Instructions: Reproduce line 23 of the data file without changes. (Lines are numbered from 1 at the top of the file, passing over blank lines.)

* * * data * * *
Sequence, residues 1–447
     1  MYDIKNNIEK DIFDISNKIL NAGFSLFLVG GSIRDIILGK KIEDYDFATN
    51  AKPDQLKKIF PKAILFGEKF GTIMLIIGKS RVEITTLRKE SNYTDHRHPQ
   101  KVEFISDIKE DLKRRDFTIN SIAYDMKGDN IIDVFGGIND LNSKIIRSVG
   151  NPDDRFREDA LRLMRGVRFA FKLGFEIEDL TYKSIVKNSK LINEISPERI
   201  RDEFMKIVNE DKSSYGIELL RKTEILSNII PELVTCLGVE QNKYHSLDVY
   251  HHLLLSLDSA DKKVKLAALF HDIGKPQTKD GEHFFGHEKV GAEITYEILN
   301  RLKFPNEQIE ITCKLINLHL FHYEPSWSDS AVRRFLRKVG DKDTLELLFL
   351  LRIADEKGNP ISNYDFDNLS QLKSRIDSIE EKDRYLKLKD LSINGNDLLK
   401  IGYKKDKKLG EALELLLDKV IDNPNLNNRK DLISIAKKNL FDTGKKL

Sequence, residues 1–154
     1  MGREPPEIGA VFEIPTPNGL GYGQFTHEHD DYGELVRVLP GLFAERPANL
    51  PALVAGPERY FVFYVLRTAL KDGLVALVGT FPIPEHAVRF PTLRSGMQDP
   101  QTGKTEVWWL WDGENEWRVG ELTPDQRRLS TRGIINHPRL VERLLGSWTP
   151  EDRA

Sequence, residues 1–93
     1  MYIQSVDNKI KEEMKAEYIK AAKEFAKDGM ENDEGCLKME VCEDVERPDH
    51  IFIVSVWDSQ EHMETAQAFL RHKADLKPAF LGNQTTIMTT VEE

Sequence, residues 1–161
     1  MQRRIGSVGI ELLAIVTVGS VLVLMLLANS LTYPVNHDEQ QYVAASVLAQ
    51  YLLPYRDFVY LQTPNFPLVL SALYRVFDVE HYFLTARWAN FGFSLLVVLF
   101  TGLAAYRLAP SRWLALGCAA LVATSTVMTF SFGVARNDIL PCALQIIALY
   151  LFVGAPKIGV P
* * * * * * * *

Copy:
   151  LFVGAPKIGV P